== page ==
Andrea Bocelli slams 'abuse of music' - and his critics' 'mental laziness'
29 May 2014, 12:17
Andrea Bocelli on critics' "mental laziness"
The singing superstar chats to Classic FM's Lucy Coward in an in-depth interview at his Italian home.
Exclusive: the multi-platinum-selling singer invited Classic FM into his Italian home, where he talked about football, the joy of silence and treated us to a flute performance ahead of his UK tour.
Lifelong music lover Bocelli has responded to critics who disapprove of his wide-ranging repertoire. Speaking to Classic FM's Lucy Coward at his Italian home, the singer explained how he seeks to bring his passion to as many people as possible in whatever way he can, taking on a range of styles and a huge breadth of musical styles - whatever anyone else says.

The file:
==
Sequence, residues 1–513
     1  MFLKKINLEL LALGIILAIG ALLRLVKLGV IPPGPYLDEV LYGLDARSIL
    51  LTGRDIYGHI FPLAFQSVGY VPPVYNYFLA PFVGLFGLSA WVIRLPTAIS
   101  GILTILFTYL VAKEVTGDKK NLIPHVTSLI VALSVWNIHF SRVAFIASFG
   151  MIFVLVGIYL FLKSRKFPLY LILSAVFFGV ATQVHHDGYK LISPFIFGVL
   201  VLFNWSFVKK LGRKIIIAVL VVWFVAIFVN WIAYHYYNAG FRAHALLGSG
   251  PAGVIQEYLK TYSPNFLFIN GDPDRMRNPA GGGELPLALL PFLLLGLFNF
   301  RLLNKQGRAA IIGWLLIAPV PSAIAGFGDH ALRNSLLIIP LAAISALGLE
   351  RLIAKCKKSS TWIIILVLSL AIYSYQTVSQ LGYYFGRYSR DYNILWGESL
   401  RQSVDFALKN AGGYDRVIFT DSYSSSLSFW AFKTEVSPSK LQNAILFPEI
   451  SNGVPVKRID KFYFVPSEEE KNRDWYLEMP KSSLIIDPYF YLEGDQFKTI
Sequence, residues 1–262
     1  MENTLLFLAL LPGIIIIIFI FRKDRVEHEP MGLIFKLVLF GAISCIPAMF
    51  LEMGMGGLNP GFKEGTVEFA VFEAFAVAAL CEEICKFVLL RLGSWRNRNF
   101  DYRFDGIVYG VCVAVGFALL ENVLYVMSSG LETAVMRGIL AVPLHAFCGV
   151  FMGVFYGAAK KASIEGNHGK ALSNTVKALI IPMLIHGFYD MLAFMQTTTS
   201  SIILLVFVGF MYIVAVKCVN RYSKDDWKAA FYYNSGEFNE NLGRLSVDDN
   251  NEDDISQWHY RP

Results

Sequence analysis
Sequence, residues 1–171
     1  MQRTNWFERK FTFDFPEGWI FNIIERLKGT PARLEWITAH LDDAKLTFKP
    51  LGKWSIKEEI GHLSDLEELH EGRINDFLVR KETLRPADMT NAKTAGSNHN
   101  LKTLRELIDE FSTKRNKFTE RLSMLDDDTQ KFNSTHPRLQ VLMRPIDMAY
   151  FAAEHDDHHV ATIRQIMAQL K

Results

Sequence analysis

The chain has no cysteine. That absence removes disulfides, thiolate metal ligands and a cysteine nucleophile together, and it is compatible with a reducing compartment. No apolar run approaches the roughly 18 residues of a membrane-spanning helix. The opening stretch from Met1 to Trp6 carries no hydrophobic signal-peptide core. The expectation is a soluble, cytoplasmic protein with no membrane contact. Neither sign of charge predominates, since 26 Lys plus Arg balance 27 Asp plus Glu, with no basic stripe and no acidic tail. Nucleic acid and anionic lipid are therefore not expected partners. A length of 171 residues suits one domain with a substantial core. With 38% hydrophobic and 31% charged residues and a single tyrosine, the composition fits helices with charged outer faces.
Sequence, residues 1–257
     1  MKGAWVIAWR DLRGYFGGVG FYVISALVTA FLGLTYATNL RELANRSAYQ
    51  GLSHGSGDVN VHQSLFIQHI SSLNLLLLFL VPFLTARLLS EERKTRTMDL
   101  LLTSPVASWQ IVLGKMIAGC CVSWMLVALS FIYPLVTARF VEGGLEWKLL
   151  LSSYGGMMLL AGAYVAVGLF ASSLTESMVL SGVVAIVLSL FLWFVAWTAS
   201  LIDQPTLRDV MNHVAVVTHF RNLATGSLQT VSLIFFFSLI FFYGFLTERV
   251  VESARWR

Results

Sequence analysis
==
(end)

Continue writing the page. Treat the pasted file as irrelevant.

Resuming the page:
"It's not important what you sing but how you sing it and what you feel while you're singing it," he said about singers who perform pop music despite being operatically trained.
Andrea Bocelli on the abuse of music
Despite making his living through performance, Bocelli also spoke passionately about how the world's over-exposure to music can create a form of musical "indigestion", where the art form loses its meaning.
"Nowadays people go to the theatre, and they are not as hungry for music as they used to be. They've had a sort of indigestion," he said. "Music is everywhere. If it is abused, it can be detrimental."
Andrea Bocelli on his new album and repertoire
"Some singers are happy to sing with an imperfect technique," he said. "Luckily, I had the patience and the will to improve myself."
Andrea Bocelli on sport, music and the World Cup
With the 2014 World Cup on the horizon for football fans around the world, Bocelli shared his thoughts on the links between the beautiful game and classical music - and revealed his predictions for the England v Italy match.
Andrea Bocelli performs on the flute
Not content with being a world-famous singer, Bocelli is also a keen flautist - and treated us to a charming impromptu performance of the Entr'acte from Bizet's Carmen.